The impending closure of a two-mile stretch of the Burke-Gilman Trail through Lake Forest Park is still causing concern among residents, cyclists and other trail users.
King County will close the entire section of trail from the Seattle-Lake Forest Park border at Northeast 145th Street to Log Boom Park in Kenmore for construction on June 15 to about the end of September, meaning cyclists will have to use alternate routes.
On sunny days, more than 2,000 people use that section of the trail.
The county is advising that bike commuters and trail users avoid using that section during the construction, said Doug Williams, spokesman for King County Parks and Recreation.
The county suggests using alternate options that include carpooling, telecommuting, and riding Metro buses equipped with bike racks.
“I have heard that King County is telling riders to take the bus around the closed off section of the Burke-Gilman Trail,” said Darren Manci, manager of Woodinville Bicycle. “The bicycle racks that are installed on the buses only carry four bikes at a time; I don’t see that working out.”
Finding a reasonable detour around the construction zone has been a challenge, the county said. The trail corridor runs along Lake Washington, with steep hills, a fragmented road and sidewalk system, and busy state Route 522 on the upland side.
The original favored detour, a southern section of Beach Drive Northeast that runs parallel to the Burke-Gilman Trail, has been rejected for safety and other reasons after homeowners and others raised concerns to the City Council and King County.
A alternative detour has been identified, but not yet finalized. Permits with the city of Lake Forest Park are pending. The detour route, as indicated by the black-and-white checked path, runs in the picture to the right, is approximately 6.7 miles long and requires crossing SR 522 at a signed intersection. It weaves through the south and east portions of Lake Forest Park including sections of 37th Avenue Northeast, 178th Street Northeast and Ballinger Way.
Signs identifying the detour will be installed soon.
The Cascade Bicycle Club and some Lake Forest Park citizens still doubt the safety of the alternative.
“There is no safe route and we don’t have to accept an unsafe route,” said Jean Thomas, an LFP resident and LFP government critic, who would like to see all riders take a bus or shuttle around the construction. “I’m seriously concerned about the liability to the city not to mention who wants to see people get hurt or worse? Whether they are cyclists or residents there is real risk there.”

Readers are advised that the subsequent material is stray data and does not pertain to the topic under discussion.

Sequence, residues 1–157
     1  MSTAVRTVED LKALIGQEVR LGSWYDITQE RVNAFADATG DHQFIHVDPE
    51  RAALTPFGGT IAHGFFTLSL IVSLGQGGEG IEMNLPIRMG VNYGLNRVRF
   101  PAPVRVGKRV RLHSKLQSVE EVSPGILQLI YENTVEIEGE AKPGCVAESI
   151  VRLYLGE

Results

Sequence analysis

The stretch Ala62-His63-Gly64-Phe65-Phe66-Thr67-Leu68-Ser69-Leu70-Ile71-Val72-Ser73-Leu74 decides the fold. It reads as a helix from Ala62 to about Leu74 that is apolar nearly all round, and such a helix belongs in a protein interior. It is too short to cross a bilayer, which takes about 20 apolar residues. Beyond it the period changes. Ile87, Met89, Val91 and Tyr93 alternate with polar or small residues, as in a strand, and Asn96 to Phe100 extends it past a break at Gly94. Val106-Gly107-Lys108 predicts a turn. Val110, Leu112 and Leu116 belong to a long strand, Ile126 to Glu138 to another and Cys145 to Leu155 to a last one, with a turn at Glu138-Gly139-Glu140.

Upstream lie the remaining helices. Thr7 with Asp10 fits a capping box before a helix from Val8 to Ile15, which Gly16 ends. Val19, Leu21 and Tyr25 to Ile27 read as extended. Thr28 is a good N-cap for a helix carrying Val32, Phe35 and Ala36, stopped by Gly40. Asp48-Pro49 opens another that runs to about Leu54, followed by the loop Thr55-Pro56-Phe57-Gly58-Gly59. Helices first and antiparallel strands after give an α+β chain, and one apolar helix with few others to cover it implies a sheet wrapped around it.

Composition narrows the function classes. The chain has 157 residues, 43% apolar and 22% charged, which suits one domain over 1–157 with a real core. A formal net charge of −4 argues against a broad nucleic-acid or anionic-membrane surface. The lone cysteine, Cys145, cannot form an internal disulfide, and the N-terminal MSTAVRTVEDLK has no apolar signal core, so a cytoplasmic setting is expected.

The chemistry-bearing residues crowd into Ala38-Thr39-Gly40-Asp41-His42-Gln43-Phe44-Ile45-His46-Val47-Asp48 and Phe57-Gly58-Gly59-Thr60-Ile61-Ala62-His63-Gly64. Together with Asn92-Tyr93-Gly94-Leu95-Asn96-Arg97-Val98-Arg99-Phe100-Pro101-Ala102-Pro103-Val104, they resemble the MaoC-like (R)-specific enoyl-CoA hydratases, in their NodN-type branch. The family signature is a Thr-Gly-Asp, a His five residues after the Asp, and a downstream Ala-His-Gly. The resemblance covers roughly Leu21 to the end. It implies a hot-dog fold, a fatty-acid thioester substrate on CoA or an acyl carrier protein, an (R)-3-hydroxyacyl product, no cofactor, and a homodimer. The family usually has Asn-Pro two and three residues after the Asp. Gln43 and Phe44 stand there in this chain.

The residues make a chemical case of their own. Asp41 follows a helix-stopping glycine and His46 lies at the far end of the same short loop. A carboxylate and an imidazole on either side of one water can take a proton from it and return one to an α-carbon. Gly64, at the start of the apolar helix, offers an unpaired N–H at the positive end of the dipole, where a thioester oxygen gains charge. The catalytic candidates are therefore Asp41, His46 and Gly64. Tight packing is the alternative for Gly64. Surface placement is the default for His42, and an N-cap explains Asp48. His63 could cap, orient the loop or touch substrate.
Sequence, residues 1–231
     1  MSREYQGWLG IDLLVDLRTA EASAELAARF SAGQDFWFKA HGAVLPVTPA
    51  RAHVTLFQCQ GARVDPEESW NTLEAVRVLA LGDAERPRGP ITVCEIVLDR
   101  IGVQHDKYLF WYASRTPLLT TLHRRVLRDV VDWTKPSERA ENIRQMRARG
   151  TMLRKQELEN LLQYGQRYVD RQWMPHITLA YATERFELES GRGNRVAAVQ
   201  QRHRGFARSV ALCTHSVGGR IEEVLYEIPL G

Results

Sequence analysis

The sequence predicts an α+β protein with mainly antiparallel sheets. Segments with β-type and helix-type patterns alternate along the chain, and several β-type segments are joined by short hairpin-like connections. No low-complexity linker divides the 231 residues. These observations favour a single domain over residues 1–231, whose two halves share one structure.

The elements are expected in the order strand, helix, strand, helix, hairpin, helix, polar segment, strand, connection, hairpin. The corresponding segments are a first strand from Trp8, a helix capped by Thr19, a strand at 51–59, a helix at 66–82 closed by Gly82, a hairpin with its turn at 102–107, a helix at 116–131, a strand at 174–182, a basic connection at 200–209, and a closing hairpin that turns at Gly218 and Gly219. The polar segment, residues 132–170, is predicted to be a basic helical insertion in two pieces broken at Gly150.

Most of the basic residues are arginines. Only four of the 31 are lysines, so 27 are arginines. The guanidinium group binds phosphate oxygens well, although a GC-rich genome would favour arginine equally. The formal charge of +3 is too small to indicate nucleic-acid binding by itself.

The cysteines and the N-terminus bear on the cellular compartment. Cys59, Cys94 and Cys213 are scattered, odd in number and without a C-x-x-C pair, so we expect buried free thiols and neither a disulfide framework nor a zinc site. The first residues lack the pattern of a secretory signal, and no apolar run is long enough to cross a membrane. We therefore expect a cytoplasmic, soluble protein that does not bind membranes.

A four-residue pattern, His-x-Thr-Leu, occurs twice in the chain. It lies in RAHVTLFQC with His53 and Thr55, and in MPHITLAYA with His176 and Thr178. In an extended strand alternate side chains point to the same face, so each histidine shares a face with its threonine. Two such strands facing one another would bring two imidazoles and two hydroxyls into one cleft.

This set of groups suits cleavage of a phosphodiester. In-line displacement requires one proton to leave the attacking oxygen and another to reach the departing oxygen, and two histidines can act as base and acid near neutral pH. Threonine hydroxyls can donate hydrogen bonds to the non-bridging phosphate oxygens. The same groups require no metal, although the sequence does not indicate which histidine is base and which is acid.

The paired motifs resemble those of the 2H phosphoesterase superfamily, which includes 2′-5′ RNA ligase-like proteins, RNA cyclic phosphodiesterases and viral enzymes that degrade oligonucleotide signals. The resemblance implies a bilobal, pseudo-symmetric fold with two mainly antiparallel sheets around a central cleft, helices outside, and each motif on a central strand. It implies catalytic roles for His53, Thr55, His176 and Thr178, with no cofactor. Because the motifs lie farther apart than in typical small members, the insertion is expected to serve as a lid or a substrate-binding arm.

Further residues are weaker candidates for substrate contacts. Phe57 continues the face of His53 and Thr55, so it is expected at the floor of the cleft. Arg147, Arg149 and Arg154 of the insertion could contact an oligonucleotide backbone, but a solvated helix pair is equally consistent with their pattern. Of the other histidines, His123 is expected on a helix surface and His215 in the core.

Cascade’s concerns lie primarily with the intersections near Lake Forest Park Towne Centre, and spots where pedestrians and cyclists will have to share a narrow sidewalk.
“While we do not intend to delay the project any longer—it’ll be a better trail when it’s done—requiring cyclists to walk their bikes or even ride their bikes in two directions on a narrow sidewalk along a state route should not be considered a safe, viable or preferred detour route,” said John Mauro, the Cascade Bicycle Club's director of policy, planning and government affairs.
Williams did not dispute those concerns but said the alternative route, while not perfect, is the best the county could devise, based on the input from various groups.
“These are reasons why we’re strongly suggesting that people use alternative modes of transportation,” Williams said.
The redevelopment project aims to improve trail safety, with a new, 12-foot-wide asphalt surface and soft-surface shoulders, enhanced traffic controls, improved sight distances and better drainage, according to the county. Right now, this portion of the trail has cracked, uneven asphalt and standing water that can create dangerous conditions for some trail users.
The timing of the project in the late spring, summer and early fall months for two reaons--one, to allow ample light to do work. Second, parts of the project will require crews to work in Lake Washington and Lyon Creek, where a new bridge will be installed, and state law requires that any in-water work must be done in the summer months when the impact on local fish populations is minimal.
Project managers from King County Parks and Recreation will give an update on the project at the annual meeting of the Friends of the Burke-Gilman on Thursday evening at 6:30 p.m. at the Ballard Library.
The contractor, J.R. Hayes & Sons, Inc. of Maple Valley, is being paid an estimated $2.69 million to do the redevelopment. The company will begin with a yet-to-be-determined section of the trail next month, continuing through the fall.
The King County Parks and Recreation Department has set up a 24-hour hotline (206-462-6348) to dispense information and answer questions about the project. A website, which includes a detailed map of the detour, will launch soon at www.kingcounty.gov/burkegilmantrail. It also will include an email account to collect feedback from trail users and citizens.
The county has already sent notices to residents of the surrounding and nearby properties.
The City of Seattle manages the portions of the trail that fall within its city limits, and King County manages the rest. The trail begins in Shilshole Bay in Ballard and extends around the northern perimeter of Lake Union and the northwestern perimeter of Lake Washington, eventually meeting with the Sammamish River Trail in Bothell.
“We are working with the contractor to ensure that the project is completed quickly and the trail is reopened as soon as possible,” said Kevin Brown, King County Parks Director. “Closing the trail to all users is unavoidable, but the work will result in a better and safer trail.”
For more information on the King County Parks website, go to http://www.kingcounty.gov/operations/capitalImprovements/parkscip/projects/burkegilmantrail/documents.aspx
Woodinville Patch editor Annie Archer contributed to this story.